United have signed Sancho and Varane, but Sancho's €85m move from Dortmund has been two years in the making and should have been done a year ago, so the time it has taken means you can't be too impressed by it. As for Varane, as great as he has been, I think a club of United's stature should be unearthing the next Varane rather than a guy who has spent 10 years at the top with Real Madrid. Smart recruitment is about finding the next big thing, rather than paying big money for someone who has already done it.
Arsenal have rightly addressed their central defensive issue by signing Brighton's White, but £50m is a huge fee and a sign of the premium paid by Premier League clubs for English players. Leicester are a club who always make good signings, so perhaps their deals for Soumare or Daka will prove to be this season's version of Wesley Fofana. But overall, considering how football's struggling with the financial impact of the pandemic, there has been a striking lack of imaginative and clever signings, so far.
Move you're most surprised by?
Ogden: Manchester City's £100m move for Jack Grealish is the culmination of Pep Guardiola's long-held ambition to work with the Aston Villa midfielder, but when you look at the options the City manager already has, it's difficult to understand how Grealish will make a major difference to the team. City already possess an abundance of attacking players and creative midfielders whom Grealish will be competing with, including Raheem Sterling, Bernardo Silva, Riyad Mahrez and Phil Foden. You can even throw Kevin De Bruyne into that conversation considering the Belgium international's ability to play an advanced role.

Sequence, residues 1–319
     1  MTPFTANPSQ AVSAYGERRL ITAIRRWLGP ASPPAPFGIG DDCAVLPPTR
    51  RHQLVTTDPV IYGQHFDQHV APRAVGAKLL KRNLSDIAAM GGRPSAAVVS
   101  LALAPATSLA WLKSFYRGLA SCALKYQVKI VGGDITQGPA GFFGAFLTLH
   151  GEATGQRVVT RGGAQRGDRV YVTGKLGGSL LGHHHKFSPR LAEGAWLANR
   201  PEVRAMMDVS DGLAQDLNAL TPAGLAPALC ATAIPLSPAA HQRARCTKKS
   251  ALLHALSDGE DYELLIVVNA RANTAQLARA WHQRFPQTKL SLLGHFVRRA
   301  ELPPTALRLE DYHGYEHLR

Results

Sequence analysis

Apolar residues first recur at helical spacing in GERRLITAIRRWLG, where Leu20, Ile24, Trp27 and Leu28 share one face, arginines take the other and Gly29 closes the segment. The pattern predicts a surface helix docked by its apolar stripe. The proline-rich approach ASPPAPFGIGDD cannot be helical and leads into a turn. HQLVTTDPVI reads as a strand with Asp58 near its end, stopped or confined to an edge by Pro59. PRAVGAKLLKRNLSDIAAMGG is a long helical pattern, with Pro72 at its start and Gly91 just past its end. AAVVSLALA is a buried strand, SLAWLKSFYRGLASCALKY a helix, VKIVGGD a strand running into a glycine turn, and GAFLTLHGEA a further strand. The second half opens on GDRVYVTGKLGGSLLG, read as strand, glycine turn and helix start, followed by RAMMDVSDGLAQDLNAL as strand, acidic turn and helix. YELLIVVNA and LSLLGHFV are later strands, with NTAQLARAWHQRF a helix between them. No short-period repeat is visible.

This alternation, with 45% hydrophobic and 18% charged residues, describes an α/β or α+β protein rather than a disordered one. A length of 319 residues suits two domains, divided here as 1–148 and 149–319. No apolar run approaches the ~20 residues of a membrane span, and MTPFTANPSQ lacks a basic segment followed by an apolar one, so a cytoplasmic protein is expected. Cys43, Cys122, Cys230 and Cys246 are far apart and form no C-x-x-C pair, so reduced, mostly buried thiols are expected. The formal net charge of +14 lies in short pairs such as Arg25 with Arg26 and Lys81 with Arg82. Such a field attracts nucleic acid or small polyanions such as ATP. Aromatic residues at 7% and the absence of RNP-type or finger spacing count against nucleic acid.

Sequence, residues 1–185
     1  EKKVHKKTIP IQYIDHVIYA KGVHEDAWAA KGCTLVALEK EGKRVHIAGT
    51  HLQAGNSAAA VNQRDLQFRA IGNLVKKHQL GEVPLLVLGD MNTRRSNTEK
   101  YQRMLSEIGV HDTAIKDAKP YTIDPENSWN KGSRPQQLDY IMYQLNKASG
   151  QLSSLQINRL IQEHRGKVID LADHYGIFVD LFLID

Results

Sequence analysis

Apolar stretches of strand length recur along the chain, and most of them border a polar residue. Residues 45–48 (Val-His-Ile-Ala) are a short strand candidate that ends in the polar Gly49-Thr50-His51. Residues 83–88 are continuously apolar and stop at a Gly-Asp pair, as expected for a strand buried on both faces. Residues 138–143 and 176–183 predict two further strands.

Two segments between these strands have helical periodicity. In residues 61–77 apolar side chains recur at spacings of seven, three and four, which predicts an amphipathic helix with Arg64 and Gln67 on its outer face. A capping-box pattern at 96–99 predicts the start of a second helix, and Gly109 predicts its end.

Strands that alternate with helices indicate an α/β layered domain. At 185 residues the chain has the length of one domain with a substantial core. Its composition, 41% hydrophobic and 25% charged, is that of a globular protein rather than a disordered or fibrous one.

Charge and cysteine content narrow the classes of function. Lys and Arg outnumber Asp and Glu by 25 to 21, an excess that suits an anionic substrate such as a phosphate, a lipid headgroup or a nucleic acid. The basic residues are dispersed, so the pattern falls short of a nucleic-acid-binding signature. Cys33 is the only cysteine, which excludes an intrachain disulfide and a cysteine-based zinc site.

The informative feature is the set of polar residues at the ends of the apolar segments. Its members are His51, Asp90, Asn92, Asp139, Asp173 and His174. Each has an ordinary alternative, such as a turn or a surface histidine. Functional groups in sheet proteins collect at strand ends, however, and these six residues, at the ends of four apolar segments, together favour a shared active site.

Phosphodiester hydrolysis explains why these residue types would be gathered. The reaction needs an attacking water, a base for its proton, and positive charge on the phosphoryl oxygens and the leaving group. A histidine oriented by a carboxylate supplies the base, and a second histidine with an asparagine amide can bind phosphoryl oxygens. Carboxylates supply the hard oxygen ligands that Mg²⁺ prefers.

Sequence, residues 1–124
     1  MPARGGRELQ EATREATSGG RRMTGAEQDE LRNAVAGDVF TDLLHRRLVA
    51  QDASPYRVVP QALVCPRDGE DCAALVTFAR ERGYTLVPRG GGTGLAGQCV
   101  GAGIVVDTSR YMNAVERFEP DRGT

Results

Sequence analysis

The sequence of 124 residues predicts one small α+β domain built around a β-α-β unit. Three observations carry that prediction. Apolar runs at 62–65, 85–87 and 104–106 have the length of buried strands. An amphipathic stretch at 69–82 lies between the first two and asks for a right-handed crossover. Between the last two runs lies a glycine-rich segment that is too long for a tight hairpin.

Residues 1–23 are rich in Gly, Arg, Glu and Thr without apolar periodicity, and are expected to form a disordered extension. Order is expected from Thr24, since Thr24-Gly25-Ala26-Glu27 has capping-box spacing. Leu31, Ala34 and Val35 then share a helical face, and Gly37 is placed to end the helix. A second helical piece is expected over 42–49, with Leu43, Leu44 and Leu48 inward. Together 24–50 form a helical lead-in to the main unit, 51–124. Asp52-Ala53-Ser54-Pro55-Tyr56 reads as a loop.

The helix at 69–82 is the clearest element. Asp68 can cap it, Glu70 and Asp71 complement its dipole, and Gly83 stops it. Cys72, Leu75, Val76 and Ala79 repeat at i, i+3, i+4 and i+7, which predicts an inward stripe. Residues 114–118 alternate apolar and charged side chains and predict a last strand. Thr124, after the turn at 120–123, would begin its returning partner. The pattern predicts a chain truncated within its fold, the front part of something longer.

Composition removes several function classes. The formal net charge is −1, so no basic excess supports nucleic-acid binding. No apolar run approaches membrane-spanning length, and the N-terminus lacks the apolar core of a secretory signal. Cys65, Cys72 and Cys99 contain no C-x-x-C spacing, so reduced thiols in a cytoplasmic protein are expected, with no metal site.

Guardiola will argue that you can never have too many match winners, and City are certainly stacked with those, but is Grealish any better than the players already at the Etihad? He can create, score goals and, as statistically one of the most-fouled players in the Premier League, will always win free kicks in dangerous areas, but you could say the same for all of City's attacking midfielders.
Laurens: Omar Richards moving to Bayern Munich. The 23-year-old left-back had an average season (no goals, no assists) with Reading in the Championship, and now he's preparing for life with the Bundesliga champions. At least he was a free agent so Bayern didn't have to pay anything for him, but they will have to hope he turns out more like Alphonso Davies than Bouna Sarr.
What about Andros Townsend to Everton on a free transfer? Why did they do that? He turned 30 last month, and he had just five assists and one goal in 25 Premier League starts at Crystal Palace last season. Everton fans deserve better; I know the team needs wide players, but come on... The club has money, Marcel Brands is a good director of football with a great network and I am just amazed they went for someone like him. Though I hope he proves me wrong and has a great season!
Karlsen: Barcelona signing high-profile free transfers, but facing a race against time to register them (as well as Lionel Messi's new contract) has proved quite a debacle. With just a week-and-a-half to go until the opening LaLiga fixture against Real Sociedad, the club are scrambling to juggle the costs of their squad to fit into the league's salary cap regulations, given their €1.2 billion debt.
One imagines that Sergio Aguero, Memphis Depay and Messi will eventually turn out for Barcelona this season, but it means moving on unwanted players in a market in which nobody really wants to take on high earners. Even if club president Joan Laporta and his new administration find a way out, it is hardly ideal preparation for the new season to carry such issues well into August. Hopefully for Barcelona, the potential windfall from the €2.7 billion CVC investment in LaLiga (€250m for the club, though only 15% can be used on the salary cap) should put the registration issues to bed. Even so, having to rush through high-profile signings at the 11th hour is not a good look for one of the biggest clubs in the world